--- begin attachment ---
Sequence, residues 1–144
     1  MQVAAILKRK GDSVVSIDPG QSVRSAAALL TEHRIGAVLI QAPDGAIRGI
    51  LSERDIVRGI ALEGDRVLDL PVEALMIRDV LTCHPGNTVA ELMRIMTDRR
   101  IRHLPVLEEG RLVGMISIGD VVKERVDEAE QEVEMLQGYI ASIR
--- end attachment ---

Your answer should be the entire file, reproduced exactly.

Sequence, residues 1–144
     1  MQVAAILKRK GDSVVSIDPG QSVRSAAALL TEHRIGAVLI QAPDGAIRGI
    51  LSERDIVRGI ALEGDRVLDL PVEALMIRDV LTCHPGNTVA ELMRIMTDRR
   101  IRHLPVLEEG RLVGMISIGD VVKERVDEAE QEVEMLQGYI ASIR